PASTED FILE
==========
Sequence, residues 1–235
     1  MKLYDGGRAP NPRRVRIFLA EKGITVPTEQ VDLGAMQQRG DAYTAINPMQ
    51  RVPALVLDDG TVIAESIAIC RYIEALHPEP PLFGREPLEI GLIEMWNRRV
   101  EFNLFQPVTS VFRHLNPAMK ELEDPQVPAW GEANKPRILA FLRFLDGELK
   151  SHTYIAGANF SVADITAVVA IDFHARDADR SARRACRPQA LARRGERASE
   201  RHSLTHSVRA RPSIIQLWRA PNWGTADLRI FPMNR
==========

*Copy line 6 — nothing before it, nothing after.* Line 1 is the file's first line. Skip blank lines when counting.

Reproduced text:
   201  RHSLTHSVRA RPSIIQLWRA PNWGTADLRI FPMNR